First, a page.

Local woman Cheyenne Phillips displayed a masterful balancing act in alternating profanity and praise on Facebook Thursday, according to sources. Ms. Phillips, 32, had just come home from her moms group when she decided to share with her followers an amusing image of a 1950s-style housewife making a profanity-laden remark about laundry.
Without a missing a beat, Ms. Phillips then reportedly “liked” an acquaintance’s post on 1 Peter 1:16, left a “ROFL” comment on a luridly suggestive image posted by a friend, shared an inspiring video of a “Good Samaritan story” from the local news, and followed up with a tirade on ungrateful men that suggested, in colorful language, a biologically impossible act.
Expertly sensing the scales starting to tip toward the lewd side of things, she then shared an image she had created via the YouVersion Bible app, which superimposed in the words of Psalm 23:1 over a silhouetted figure raising her hands in triumph atop a mountain peak, immediately expiating any guilt from previous posts. Thus cleansed and assured, Ms. Phillips reportedly ended her Facebook session by sharing a marginal public figure’s extreme rant on immigrants, before tagging several friends in a post by her church about an upcoming mom-to-mom sale.
At publishing time, Phillips had reportedly began streaming a custom Pandora station, which consists of pop hits by artists like Flo Rida and Ke$ha, delicately intertwined with classic hymns sung by Fernando Ortega.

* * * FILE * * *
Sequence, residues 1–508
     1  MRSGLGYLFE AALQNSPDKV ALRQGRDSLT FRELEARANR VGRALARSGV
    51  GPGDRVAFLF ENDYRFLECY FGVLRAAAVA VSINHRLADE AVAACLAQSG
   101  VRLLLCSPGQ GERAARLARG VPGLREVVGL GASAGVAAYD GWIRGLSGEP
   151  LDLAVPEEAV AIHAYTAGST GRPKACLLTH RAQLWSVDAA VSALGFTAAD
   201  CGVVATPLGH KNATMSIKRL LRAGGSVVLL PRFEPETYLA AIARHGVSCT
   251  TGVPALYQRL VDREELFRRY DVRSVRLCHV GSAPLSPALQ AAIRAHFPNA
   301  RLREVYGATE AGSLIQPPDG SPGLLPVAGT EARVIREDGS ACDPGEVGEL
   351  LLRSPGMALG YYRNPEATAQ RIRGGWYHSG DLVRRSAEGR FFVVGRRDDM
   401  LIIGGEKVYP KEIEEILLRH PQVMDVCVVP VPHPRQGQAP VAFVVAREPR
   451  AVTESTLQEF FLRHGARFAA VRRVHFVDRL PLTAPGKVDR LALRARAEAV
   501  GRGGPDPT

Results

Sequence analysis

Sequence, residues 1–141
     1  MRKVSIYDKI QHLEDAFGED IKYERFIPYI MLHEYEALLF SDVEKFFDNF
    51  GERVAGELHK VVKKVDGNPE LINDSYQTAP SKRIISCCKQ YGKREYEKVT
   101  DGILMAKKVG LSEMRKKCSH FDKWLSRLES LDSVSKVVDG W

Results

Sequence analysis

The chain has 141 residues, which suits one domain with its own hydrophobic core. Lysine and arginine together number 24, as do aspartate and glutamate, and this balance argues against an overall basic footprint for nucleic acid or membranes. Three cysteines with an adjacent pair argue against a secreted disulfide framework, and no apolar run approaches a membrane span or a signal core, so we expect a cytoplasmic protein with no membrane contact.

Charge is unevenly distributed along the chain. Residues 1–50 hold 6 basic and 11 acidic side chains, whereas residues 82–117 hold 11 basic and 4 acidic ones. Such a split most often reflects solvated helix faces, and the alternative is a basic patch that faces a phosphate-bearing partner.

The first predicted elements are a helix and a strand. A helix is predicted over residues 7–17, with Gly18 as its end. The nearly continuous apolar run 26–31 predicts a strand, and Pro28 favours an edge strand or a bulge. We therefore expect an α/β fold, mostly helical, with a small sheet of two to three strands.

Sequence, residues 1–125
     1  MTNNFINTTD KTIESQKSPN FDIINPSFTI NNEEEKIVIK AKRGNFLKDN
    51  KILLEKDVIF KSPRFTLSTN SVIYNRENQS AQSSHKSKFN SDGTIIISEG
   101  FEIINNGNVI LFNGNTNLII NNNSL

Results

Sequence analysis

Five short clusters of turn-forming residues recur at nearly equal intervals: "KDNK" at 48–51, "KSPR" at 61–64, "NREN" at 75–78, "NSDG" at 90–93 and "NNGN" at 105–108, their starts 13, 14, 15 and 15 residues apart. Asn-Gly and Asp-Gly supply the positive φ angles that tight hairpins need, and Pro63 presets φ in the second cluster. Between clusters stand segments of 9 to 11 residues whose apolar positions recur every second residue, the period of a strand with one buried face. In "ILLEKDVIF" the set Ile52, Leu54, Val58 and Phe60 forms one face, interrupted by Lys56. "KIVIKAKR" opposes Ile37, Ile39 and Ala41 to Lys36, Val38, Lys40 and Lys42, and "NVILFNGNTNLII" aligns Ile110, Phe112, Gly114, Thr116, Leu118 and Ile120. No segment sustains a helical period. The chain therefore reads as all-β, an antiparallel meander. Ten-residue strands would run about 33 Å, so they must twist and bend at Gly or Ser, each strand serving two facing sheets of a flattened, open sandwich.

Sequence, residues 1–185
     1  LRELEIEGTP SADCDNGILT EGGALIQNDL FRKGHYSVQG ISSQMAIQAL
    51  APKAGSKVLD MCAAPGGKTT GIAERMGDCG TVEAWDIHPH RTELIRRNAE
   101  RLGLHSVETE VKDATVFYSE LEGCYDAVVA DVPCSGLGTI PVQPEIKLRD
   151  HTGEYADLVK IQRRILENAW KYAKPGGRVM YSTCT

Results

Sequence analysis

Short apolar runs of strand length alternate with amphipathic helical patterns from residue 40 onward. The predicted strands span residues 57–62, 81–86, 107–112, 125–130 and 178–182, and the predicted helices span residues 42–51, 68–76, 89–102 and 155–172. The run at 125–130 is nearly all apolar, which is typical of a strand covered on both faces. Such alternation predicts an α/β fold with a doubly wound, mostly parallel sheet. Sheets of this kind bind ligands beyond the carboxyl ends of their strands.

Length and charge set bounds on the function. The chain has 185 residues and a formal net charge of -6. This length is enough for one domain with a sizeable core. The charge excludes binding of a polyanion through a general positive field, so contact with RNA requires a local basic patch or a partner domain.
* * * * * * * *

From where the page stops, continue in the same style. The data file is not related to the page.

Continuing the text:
Daily Archives: 27 Apr 2017
Confirming its commitment to celebrating inclusivity, Target announced in a blog post Thursday that it will now grant a 10% senior discount to any person who self-identifies as age 60 or older.It’s yet another bold display of progressive policies for the company, which confirmed it will now extend the generous discount based on “customers’ age identity,” which cashiers will trust each patron to disclose truthfully. This amends their previous, more conservative policy which only considered biological age and required valid identification as proof.
Declaring that “everyone deserves to feel like they belong,” and “you’ll always be accepted, respected, and welcomed at Target,” the statement left little doubt that the retail chain is on the cutting edge of equality.
Anyone of any age can self identify as 60. So take advantage of this new program!
“Die fantastischen Vier” – Philipp Melanchthon, Thomas Müntzer, Huldrych Zwingli und Johannes Calvin
Although I’m not sure why the nutbag Thomas Müntzer is included when Bucer or Oecolampadius is for more fitting...
Luther-Bier, Luther-Brötchen, Luther-Tassen, kaum etwas, was sich nicht eignen würde, um es zum Reformationsjubiläum mit dem Konterfei des Übervaters der Reformation, Martin Luther, zu versehen. Schnell entsteht der Eindruck: Es gab nur Martin Luther, den einzigen wahren Reformator.